Fundamentals of exercise progression- Quality vs quantity
Updated: Apr 15, 2021
In current times, online home exercise programs and high intensity work outs are on the rise and more and more people are taking the time to jump into exercise for the first time. It's great to see this change of mindset and I'm glad that the fitness industry have readily adapted and provided so much online content.
I have, however, had a few patients who have contacted me recently having jumped into new programs and ended up 'doing their backs in' or injuring themselves! So I wanted to address the topic of exercise progression and how to build it up in a sustainable way, to try and prevent injury whilst also progressing strength, power and skill.
One main tool I use within examinations is functional movement pattern assessments. We can look at performance within a pyramid of three fundamentals: Functional movement, functional performance and functional skill. The idea is that these layers are in the correct balance with each other to form a pyramid.
As you can see, functional movement is the main base, focusing on mobility and stability. Mobility is the combination of muscle flexibility, joint range of motion and segmental freedom of movement.
Stability is the ability to maintain posture and/or control motion and includes both static and dynamic stability.
We often sacrifice quality of motion to maintain quantity and can therefore develop compensatory movement patterns e.g. the knees 'bowing in' a lot or lower back rounding during a squat, especially as we start to fatigue.
Although this may not cause an immediate problem, over time if one area stiffens, another area will often compensate by becoming hypermobile and unstable and vice versa. For some people this may eventually lead to pain. (Others may have this same effect happen from day to day activities, without even thinking about exercise as such e.g patients who can just bend over at slightly the wrong angle every few months and their lower back 'goes'!)
Functional movement assessments can include tests involving the actions of:
Stepping up and over an object
Straight leg raise flexibility
Push up from the floor
Rotational trunk stability
All of these movements can be applied not only to exercise but also to day to day activities, such as gardening, picking your grandchildren up or pushing a shopping trolley.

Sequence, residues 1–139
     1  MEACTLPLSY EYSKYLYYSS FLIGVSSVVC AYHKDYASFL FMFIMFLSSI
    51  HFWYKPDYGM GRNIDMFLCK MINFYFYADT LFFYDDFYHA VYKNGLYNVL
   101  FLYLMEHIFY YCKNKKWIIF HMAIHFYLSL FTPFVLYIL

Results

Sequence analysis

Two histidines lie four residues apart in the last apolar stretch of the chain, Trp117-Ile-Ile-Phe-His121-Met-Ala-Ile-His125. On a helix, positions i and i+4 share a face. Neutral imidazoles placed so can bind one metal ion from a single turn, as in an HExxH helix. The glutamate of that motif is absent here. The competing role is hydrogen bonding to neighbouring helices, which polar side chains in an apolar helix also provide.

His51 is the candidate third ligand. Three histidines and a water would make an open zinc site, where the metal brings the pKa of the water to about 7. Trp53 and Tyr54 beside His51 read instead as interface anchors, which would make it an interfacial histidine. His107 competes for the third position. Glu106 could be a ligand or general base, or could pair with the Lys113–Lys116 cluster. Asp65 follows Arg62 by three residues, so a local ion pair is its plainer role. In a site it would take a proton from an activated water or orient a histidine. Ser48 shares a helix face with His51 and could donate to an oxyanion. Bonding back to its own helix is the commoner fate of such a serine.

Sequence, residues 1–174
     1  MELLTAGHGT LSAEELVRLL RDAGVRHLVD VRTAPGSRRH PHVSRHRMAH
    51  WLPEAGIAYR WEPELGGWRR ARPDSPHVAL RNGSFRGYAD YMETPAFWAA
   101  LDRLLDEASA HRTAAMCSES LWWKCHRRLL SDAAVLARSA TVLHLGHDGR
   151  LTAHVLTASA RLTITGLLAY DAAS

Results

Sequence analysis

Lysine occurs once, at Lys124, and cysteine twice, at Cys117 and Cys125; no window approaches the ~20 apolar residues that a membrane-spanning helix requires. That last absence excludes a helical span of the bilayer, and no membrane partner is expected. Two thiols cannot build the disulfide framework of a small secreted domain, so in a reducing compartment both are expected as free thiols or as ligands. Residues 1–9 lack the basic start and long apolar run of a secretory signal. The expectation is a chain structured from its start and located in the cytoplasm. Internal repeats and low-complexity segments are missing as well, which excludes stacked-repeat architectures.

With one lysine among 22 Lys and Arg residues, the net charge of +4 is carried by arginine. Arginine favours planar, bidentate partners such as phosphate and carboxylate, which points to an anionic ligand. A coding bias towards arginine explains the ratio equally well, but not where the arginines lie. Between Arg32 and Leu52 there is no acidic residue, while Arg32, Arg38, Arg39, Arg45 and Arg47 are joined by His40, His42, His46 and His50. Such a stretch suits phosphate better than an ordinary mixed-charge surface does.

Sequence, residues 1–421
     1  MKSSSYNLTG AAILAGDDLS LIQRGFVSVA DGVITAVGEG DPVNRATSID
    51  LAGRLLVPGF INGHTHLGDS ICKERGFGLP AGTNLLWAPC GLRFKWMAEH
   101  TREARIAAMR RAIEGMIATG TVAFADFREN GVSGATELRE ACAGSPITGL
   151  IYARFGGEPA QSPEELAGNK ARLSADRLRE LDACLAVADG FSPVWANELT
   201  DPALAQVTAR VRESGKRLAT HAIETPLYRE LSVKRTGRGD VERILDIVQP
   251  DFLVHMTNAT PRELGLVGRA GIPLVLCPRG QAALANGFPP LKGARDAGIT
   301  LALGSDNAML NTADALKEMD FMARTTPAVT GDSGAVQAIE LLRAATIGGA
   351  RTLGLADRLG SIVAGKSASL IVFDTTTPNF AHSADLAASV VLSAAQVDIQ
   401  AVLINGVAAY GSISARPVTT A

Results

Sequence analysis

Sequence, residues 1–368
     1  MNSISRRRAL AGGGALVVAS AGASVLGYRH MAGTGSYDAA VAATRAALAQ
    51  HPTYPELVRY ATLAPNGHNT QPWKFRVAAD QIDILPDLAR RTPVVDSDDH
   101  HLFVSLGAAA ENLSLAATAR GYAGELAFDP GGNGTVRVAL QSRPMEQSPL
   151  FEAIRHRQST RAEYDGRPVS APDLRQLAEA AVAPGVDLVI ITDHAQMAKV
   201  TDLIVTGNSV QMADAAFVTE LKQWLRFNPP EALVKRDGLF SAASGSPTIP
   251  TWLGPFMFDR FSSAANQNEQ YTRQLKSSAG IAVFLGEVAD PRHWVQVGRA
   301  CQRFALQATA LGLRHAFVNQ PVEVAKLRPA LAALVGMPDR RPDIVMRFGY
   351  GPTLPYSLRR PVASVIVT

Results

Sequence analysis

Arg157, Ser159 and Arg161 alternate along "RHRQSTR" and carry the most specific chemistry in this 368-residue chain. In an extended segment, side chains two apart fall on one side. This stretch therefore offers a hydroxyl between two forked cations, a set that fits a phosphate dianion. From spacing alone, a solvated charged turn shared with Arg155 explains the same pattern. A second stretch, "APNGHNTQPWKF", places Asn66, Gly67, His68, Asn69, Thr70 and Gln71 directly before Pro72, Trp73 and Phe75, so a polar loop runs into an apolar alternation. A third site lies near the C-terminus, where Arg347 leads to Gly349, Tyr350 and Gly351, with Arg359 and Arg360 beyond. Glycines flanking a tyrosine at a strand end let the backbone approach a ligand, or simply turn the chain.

I often use these kinds of movement screens, alongside other elements of assessment, such as joint and muscle palpation and function muscle strength/activation testing, to determine where imbalances are and where a patient therefore may be compensating.
Once these imbalances have been corrected (or at least decreased), either by hands on treatment or specific home exercises, we can be more confident in moving to the next stage of the pyramid, Functional performance. This is where power and movement efficiency come in.
Finally, after these others levels have been established, we progress to Functional skill e.g. sports specific skill.
In conclusion, my top tip would be...
Before you go from 0 - 100mph with a high intensity work out program, make sure you can activate, control and coordinate the right muscles first. You can still do the exercises, but try them slowly first, watching yourself in the mirror and making note if there's any imbalances side to side.
Even better, get a professional to do a functional movement screen on you (even via video call at the moment as a starting point!).
Then, once you feel more confident with the quality of the movement pattern itself, progress to adding in other variables such as heavier weights or a plyometric element for power e.g. jumping/hopping.
Not only may this help prevent injury, but it will also make sure you're loading and building the muscles you want to be working!
So, keep active and build up that body awareness at the same time!